Lincoln Law School is delighted to announce the first showing of “DisObey” – the film made by Jordan Baseman during his time as our Artist in Residence.
The film was shown in the Close Up Film Centre in London to c120 people over three showings, prior to its showing at the Lincoln Frequency Festival in October.
“DisObey” deals with crime and policing, how society identifies and characterises what is criminal, and the contested value of prison as a punitive measure.
Professor Duncan French, Head of School, was recently invited as a keynote speaker to the Australasian Law Teachers Association annual conference held in the University of South Australia, Adelaide.
On a panel discussing the recent South China Sea Award between the Philippines and China, Professor French considered the pedagogical issues surrounding the teaching of complex cases. Using the trope of Pride and Prejudice’s “Universal Truth”, Professor French unpacked the idea that it is a “truth universally acknowledged that academics with limited time in a lecture do summarise unduly complex case law”.
Whilst recognising the constraints of time, Professor French argued that it behoves us as academics to ensure our students don’t treat our case summaries as the totality of what is important about a case. Speaking to an audience of lecturers across specialisms, and not just international law, he asked them to reflect on their own “favourite” cases and how they teach them.
Professor French also took the University’s public international law class during his visit.
Professor French found time to attend his first Ozzie Rules footie game – the local team Adelaide Crows won 104-45 against the Western Bulldogs!
Professor Duncan French, Head of Law School and Co-Director of Lincoln Centre for Environmental Law & Justice, has recently been involved in a number of international projects discussing contemporary issues of environmental law.
Professor French has recently been appointed to a United Nations technical advisory group to advise UN Environment (UNEP) and the UN Interregional Crime and Justice Research Institute (UNICRI) on environmental crime. The group met recently in Turin to consider a draft UN report and will be attending an intergovernmental meeting of 84 states in September to discuss the issue further.
Professor French also provided the keynote address on environmental caselaw at a workshop of experts at McGill University, Montreal. He has also contributed to a major new book on sustainable development jurisprudence in international courts and tribunals, recently published by Routledge.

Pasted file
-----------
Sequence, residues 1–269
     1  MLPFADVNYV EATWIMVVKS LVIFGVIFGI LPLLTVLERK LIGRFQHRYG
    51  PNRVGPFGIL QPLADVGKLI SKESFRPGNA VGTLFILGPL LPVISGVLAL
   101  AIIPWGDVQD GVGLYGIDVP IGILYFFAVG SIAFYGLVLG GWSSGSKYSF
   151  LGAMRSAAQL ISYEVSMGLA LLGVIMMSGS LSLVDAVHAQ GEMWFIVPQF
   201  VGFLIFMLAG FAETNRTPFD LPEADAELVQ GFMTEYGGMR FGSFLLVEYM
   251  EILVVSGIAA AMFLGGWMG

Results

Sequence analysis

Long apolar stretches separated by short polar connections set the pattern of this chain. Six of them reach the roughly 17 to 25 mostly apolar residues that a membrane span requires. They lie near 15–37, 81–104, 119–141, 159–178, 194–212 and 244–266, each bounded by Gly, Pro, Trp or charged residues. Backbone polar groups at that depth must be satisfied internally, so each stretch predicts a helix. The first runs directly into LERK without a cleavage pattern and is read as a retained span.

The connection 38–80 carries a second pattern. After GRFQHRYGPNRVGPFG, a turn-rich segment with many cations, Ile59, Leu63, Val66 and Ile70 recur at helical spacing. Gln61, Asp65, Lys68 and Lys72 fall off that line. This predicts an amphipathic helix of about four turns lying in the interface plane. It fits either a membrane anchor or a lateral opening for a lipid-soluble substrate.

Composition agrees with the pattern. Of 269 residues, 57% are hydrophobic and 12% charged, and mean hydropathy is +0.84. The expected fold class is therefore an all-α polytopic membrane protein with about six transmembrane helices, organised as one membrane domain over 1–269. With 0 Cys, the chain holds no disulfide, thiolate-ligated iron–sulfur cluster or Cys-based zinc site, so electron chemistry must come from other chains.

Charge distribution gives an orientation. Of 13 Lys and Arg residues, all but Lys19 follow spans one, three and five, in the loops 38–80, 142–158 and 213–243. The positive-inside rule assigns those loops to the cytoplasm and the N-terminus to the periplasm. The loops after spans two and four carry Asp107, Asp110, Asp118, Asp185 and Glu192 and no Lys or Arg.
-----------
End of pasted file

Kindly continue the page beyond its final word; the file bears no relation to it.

Professor Duncan French, Head of School and Co-Director of the Lincoln Centre of Environmental Law and Justice, recently gave the keynote paper at the Tarragona International Environmental Law Colloquium workshop on “Longing for Justice in a Climate-Changed World”.
Professor French gave a paper on the relevance of the temporal dimension in climate change law. He argued that despite being critical on many aspects of international environmental law, lawyers often simply accepted the “actuality” of time, without subjecting it analysis and insight. He pointed to the use of time and time periods in the 1992 Climate Change Convention, the 1997 Kyoto Protocol and the 2015 Paris Agreement.
He concluded that “we fail to recognise the elasticity and political nature of time. How we decide to describe climate change, how we assess it and measure its likely effects and by what duration we decide to tackle it – or adapt to its consequences – all contain temporal aspects, none of which are preordained. They are innately political questions…and we shouldn’t simply accept what legal texts say simply because they refer to matters that seem to be objective and beyond the law”.
Professor Duncan French, Head of Lincoln Law School and Professor of International Law, has recently attended the third meeting of the Rule of Law and Sustainable Development seminar organised by the Regional African Law and Human Security Programme (RALHUS).
Professor French presented a paper on contemporary case-law on sustainable development, including both international jurisprudence and domestic decisions. He reflected on the significant developments in the case-law, in the field of domestic courts holding States to account on the issue of climate change and, internationally, in developments on the legal principle of due diligence.
Nevertheless, Professor French cautioned against a wholesale endorsement of recent case-law, noting the recent decision of the International Court in the joined cases of Costa Rica v Nicaragua / Nicaragua v Costa Rica (2015) and creeping legal formalism. Thus he left the workshop with a question; are we seeing a maturity in the environmental jurisprudence or is there risk of sterility in the guise of meeting specified procedural steps?